By Brian Swartz
Weekly Staff Editor
PROSPECT, Maine — Don’t be fooled by the fancy uniform. When Civil War re-enactor Rob “Maynard” Kufrovich portrays a Zouave, a particular style of soldier made famous by the war, he’s as serious in his military duties as his predecessors were 150 years ago.
“The Zouaves were considered light infantry,” and “one out of every 10 soldiers at the start of the war was a Zouave,” said Kufrovich, who portrays a member of the 114th Pennsylvania Infantry Regiment. Because “the French army was in vogue at the time,” the Zouave regiments wore colorful uniforms “patterned after the French Zouave units involved in the Crimean War.”
These uniforms “were based on those worn by Moroccan troops in the French army,” said Kufrovich, an education technician at the Adams School in Castine. “What made a Zouave? It was the uniform.”
During a recent lecture for members of the Searsport-based Richardson’s Civil War Round Table, Kufrovich wore his uniform and demonstrated the use of his rifled musket and bayonet. Among the uniform’s components are:
• A soft wool fez with a striped turban wrapped around it. The striped turban was unique to the 114th Pennsylvania (also known as “Collis‘ Zouaves“);
• A rib-cut jacket that later “became a very popular fashion for women,” Kufrovich said;
• A clasp, called a “frog,” that fastened the jacket at the throat;
• Powder-blue cuffs also unique to the 114th Pennsylvania;
• The number “114” stenciled in white on a knapsack;
• A red shirt that, Kufrovich admitted, “made a Zouave a good target” on the battlefield;
• A 10-yard wool sash worn around the waist. “We put it on usually with someone else helping with the wrapping,” he said;
• “Sartouches” sewn in yellow thread on the pockets;
• Pants colored “madder red,” according to Kufrovich. “It was a dye that was developed with mercury as the main pigment”;
• Canvas gaiters worn to protect “your uniform when walking through bramble bushes,” he said;
• Standard-issue federal brogans (shoes), made “with suede tops and leather soles and with heel plates to protect the heels,” Kufrovich said.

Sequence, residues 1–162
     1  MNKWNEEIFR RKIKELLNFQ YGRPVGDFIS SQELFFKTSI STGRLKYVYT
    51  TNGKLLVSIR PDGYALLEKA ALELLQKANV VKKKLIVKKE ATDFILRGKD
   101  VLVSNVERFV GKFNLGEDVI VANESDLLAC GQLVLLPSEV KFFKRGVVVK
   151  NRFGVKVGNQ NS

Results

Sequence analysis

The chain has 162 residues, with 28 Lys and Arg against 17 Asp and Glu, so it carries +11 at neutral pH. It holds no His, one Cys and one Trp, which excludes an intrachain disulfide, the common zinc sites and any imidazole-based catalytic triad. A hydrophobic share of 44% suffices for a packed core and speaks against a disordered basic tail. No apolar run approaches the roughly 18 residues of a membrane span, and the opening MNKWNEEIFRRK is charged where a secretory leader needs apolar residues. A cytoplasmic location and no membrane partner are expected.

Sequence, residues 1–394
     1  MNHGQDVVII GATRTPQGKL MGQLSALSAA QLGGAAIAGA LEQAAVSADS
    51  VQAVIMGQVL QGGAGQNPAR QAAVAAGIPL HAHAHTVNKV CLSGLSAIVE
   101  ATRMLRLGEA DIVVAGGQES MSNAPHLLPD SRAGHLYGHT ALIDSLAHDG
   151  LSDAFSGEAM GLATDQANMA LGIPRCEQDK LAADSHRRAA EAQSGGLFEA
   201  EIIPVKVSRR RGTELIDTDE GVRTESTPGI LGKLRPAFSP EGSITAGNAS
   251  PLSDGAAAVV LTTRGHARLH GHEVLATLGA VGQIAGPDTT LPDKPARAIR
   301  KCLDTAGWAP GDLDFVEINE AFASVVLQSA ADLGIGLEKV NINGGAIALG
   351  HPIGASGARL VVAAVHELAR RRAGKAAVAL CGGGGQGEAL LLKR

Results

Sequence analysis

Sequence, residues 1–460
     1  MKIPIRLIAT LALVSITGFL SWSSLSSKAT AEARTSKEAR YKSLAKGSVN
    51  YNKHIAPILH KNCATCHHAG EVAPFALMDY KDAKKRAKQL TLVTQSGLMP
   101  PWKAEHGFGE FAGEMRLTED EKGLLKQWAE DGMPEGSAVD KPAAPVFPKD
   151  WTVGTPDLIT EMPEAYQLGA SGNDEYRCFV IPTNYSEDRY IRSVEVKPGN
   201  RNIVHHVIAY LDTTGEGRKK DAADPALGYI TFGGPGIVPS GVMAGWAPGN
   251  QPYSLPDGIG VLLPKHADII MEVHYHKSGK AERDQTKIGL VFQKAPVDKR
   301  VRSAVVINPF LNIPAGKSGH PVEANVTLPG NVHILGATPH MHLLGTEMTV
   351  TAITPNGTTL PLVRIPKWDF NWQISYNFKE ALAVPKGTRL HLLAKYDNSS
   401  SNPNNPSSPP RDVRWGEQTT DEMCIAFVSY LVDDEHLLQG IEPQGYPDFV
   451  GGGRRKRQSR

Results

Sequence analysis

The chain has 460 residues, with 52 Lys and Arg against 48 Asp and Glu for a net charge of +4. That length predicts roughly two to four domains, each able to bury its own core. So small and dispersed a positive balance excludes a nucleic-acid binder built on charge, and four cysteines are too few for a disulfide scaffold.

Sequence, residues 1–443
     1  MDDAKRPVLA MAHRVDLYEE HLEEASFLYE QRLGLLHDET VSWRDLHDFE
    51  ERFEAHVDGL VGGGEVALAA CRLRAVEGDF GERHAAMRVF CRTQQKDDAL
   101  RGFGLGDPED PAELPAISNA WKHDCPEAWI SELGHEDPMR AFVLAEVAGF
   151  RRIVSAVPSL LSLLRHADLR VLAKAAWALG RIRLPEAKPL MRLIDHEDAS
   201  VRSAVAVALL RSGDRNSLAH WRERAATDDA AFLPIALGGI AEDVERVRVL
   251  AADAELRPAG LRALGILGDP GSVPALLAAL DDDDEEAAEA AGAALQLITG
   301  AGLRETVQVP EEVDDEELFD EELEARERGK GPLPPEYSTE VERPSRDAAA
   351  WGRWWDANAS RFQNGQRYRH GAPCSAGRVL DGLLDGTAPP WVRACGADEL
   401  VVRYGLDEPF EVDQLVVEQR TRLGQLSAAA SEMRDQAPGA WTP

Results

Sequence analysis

Zouave units actually predated the Civil War; young men ages 16 to 20 “would form Zouave companies in American cities and come up with fancy names for themselves,” Kufrovich said. Many such companies joined fledging state infantry regiments after the war began.
“The Lewiston Zouaves, our only company of Zouaves [from Maine], went to war” as Co. K, 1st Maine Infantry Regiment, Kufrovich said. The 1st Maine served only 90 days and missed the Battle of Manassas in July 1861.
Kufrovich became interested in Zouaves “about 13 years ago,” when “I came across some items up for auction while selling some of mine on eBay.” During the bidding on several Zouave-related items, he learned that another bidder was Gettysburg resident Shawn Grenan, “one of the foremost experts in Zouaves in the country.”
Then a Bethlehem, Penn., resident, Kufrovich contacted Grenan, a Civil War re-enactor who had organized the modern 114th Pennsylvania Infantry, a Zouave unit throughout the Civil War. “Soon I was doing drills as a 114th Pennsylvania Zouave with ‘Vincent’s Brigade,’ just outside of Gettysburg,” Kufrovich said.
“I was glad” to join the Zouave re-enactors, “as ours is the only unit doing that particular Zouave regiment in the eastern United States,” he said. “I wouldn’t have become involved in re-enacting if I couldn’t do the Zouave impression.”
Kufrovich described the 114th’s Zouave re-enactors as “a great bunch of guys” who are “quite the characters; I fit right in.” Among the many battle re-enactments in which he has participated, “one of the most memorable” involved a “tactical re-enactment, in Harper’s Ferry,” W. Va.
“We built breastworks” and “did a lot of slinking in the underbrush, so to speak,” Kufrovich said.
His first battle re-enactment, involving the Battle of Winchester in Virginia, actually took place “along the banks of the James River,” he recalled. “We were deployed as picket guard around the camp that night.”
“Out of the trees around midnight came” the question, “Hey, Yank, got anything to trade?’” he said. “It turned out to be three Confederates, who introduced themselves as ‘Robert,’ ‘Edward,’ and ‘Lee.’ They offered some sweet potatoes, which they traded with us for some beef jerky that I had.”
“It was a scene which was commonly repeated throughout the war, and it was really neat to experience it for myself,” Kufrovich said.
Wearing his 114th Pennsylvania Infantry uniform, he will discuss the life of a Zouave at 6:30 p.m., Monday, Jan. 13, in the Abbott Room at Belfast Free Library, 106 High St., Belfast. For more information, call 338-3884.